Hezbollah leader Sayyed Hassan Nasrallah told a rally in the Shiite suburbs of Beirut today that his outfit still has more than 20,000 rockets, and will not be disarmed. Whether or not Nasrallah has that many rockets, he still seems to have plenty of support. If this Reuters report is to be credited, the rally was attended by “hundreds of thousands of cheering supporters.” That’s not bad in a country of only four million. According to Reuters, “thousands had walked to the rally from Shi’ite villages in south Lebanon battered by Israel’s bombardment and invasion.”
Assuming that this report is accurate, it tends to undercut claims that Nasrallah’s position has been substantially weakened by the war. His many enemies may like him even less than they did before he ignited this summer’s nightmarish events, but I’m not aware of any good evidence that he has lost the support of his Shiite base.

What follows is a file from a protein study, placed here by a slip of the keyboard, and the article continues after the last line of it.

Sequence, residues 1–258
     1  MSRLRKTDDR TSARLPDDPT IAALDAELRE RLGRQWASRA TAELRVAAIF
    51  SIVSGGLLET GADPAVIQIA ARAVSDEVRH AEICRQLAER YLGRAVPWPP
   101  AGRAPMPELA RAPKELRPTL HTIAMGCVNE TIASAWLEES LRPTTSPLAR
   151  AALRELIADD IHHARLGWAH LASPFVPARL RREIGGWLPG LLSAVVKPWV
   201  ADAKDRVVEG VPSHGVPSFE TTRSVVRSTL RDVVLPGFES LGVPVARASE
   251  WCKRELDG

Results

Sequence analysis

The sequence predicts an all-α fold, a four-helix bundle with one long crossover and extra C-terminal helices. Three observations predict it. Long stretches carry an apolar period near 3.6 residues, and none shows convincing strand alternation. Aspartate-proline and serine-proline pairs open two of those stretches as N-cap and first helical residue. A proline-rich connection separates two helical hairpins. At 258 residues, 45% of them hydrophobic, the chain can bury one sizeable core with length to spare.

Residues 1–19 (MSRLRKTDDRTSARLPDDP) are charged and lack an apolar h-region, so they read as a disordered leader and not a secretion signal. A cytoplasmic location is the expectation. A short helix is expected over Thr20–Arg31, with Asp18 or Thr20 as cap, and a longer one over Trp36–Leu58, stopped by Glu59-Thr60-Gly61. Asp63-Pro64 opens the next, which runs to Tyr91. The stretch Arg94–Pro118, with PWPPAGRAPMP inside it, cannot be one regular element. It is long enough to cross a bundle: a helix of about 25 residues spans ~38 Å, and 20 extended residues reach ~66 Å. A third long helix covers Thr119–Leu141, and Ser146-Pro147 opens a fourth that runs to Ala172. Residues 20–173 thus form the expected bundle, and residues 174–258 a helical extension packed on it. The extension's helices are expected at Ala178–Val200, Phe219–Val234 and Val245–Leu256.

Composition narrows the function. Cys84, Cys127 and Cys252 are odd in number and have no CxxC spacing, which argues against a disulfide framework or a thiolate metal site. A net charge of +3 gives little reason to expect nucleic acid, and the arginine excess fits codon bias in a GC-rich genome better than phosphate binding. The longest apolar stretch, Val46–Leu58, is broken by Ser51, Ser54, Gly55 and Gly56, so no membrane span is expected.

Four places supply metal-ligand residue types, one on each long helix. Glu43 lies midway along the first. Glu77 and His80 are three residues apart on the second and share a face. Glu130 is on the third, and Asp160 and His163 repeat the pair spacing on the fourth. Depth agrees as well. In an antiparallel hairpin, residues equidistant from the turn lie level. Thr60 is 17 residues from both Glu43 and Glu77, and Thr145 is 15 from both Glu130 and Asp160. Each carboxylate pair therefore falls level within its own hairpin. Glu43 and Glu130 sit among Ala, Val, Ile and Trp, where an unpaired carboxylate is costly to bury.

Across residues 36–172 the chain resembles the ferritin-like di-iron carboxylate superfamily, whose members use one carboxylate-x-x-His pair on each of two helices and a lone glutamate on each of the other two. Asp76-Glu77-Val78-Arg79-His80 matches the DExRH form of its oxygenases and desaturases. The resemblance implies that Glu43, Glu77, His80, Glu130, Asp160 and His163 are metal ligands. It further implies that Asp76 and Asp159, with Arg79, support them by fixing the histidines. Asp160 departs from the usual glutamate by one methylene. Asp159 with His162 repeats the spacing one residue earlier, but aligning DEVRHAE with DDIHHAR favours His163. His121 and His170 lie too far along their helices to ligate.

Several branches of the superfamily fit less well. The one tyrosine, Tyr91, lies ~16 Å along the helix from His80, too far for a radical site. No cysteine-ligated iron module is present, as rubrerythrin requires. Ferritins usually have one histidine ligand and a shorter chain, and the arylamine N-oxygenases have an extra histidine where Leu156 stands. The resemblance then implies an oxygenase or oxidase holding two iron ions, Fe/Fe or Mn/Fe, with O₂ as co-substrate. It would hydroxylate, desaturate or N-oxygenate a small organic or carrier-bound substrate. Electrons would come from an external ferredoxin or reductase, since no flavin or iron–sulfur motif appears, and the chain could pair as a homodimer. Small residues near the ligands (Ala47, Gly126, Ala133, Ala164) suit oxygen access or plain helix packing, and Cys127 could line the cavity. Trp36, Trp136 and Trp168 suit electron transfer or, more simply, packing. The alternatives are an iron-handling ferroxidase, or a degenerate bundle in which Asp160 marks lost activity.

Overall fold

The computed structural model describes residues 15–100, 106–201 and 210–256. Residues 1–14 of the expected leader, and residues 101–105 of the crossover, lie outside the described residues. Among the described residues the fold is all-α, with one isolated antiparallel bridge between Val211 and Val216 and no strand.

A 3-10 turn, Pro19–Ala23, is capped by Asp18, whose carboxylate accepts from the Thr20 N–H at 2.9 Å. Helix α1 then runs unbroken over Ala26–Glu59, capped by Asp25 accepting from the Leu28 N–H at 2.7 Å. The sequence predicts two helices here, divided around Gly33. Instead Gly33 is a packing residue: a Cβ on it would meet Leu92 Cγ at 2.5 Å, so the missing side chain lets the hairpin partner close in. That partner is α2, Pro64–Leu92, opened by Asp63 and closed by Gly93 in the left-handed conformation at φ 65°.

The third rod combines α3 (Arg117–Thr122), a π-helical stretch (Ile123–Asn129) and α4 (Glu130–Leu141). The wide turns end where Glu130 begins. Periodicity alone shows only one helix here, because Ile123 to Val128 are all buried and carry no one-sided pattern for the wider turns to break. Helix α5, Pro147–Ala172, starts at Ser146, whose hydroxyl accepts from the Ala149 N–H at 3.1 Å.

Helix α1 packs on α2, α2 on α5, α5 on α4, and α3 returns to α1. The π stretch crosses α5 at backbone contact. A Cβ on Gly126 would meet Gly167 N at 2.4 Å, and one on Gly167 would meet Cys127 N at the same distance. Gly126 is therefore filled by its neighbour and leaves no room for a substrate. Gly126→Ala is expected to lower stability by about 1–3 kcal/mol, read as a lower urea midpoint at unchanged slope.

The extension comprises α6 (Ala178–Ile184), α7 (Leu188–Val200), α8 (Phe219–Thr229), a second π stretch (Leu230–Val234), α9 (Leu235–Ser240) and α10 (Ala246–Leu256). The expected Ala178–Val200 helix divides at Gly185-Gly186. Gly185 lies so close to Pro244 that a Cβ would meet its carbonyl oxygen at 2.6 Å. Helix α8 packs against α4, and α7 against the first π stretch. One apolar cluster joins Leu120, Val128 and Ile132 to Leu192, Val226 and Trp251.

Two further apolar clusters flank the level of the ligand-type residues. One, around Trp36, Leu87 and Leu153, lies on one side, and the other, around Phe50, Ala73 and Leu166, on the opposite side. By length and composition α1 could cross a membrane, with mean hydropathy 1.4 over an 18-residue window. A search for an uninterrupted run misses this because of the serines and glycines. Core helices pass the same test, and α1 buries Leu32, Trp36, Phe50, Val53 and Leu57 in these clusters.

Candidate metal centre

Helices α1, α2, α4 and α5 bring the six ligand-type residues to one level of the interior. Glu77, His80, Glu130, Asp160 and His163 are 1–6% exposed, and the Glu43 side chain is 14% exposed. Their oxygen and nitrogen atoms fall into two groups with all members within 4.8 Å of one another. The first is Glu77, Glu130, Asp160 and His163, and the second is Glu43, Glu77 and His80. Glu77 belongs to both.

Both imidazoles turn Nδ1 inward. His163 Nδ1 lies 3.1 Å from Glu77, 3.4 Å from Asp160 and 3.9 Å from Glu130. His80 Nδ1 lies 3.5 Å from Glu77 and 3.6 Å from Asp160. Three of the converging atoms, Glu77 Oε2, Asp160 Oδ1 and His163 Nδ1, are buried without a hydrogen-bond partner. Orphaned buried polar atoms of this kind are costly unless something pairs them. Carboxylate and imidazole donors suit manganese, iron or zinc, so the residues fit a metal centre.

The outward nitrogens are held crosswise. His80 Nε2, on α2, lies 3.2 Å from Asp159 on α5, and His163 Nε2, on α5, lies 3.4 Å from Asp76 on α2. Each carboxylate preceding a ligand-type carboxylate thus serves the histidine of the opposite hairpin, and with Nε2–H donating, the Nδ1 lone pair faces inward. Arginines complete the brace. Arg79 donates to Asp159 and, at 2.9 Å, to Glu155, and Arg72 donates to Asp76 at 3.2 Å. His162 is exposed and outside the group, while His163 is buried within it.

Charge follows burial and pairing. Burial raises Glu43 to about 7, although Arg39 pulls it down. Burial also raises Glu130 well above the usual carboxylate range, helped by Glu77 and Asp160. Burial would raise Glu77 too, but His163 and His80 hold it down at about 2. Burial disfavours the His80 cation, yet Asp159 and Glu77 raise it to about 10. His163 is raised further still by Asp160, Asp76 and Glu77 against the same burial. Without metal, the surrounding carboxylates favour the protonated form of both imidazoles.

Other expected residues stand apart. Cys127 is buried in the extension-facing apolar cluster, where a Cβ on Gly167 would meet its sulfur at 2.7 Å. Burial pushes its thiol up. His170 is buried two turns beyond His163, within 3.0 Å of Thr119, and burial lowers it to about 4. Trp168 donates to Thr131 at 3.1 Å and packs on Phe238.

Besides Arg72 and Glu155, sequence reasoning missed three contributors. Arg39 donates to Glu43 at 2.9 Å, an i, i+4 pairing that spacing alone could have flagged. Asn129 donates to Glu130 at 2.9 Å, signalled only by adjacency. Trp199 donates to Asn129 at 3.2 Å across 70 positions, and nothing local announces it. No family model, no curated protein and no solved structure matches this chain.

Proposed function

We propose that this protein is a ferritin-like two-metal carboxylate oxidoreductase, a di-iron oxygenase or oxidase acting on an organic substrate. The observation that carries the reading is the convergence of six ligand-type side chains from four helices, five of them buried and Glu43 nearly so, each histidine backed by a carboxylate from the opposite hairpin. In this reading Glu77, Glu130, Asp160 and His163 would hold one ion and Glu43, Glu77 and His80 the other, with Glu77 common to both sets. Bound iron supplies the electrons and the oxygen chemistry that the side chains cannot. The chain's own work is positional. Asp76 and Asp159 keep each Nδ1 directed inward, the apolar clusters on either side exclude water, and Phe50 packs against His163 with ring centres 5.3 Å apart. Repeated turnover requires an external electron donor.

Nasrallah has said that if he had known the consequences, Hezbollah would not have kidnapped Israel’s soldiers. Some view this arguably conciliatory statement as an indication of a new weakness by Nasrallah in relation to the government. But Nasrallah’s rhetoric at today’s rally (as reported by Reuters) was far from conciliatory. He proclaimed (correctly, one feels) that the government is “unable to protect Lebanon, or to reconstruct or to unify” the country. He then called for a new “national unity government” and defied any army to disarm Hezbollah.